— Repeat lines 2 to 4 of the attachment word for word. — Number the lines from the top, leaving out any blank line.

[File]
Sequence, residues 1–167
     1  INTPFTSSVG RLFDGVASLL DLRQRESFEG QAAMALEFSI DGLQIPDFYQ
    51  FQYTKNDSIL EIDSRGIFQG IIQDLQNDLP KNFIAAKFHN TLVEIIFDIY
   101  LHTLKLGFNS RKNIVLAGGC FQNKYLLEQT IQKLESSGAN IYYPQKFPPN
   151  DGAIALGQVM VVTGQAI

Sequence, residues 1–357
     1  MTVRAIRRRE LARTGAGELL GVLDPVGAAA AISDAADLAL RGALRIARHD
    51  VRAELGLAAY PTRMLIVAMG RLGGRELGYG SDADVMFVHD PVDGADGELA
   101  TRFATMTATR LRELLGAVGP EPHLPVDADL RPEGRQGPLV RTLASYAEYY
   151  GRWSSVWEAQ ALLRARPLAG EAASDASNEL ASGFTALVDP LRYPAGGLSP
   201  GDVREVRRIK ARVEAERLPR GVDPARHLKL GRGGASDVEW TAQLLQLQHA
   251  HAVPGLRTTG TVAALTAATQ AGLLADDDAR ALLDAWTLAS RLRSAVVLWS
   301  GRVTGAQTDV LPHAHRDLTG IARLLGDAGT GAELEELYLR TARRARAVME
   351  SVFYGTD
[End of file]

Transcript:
     1  INTPFTSSVG RLFDGVASLL DLRQRESFEG QAAMALEFSI DGLQIPDFYQ
    51  FQYTKNDSIL EIDSRGIFQG IIQDLQNDLP KNFIAAKFHN TLVEIIFDIY
   101  LHTLKLGFNS RKNIVLAGGC FQNKYLLEQT IQKLESSGAN IYYPQKFPPN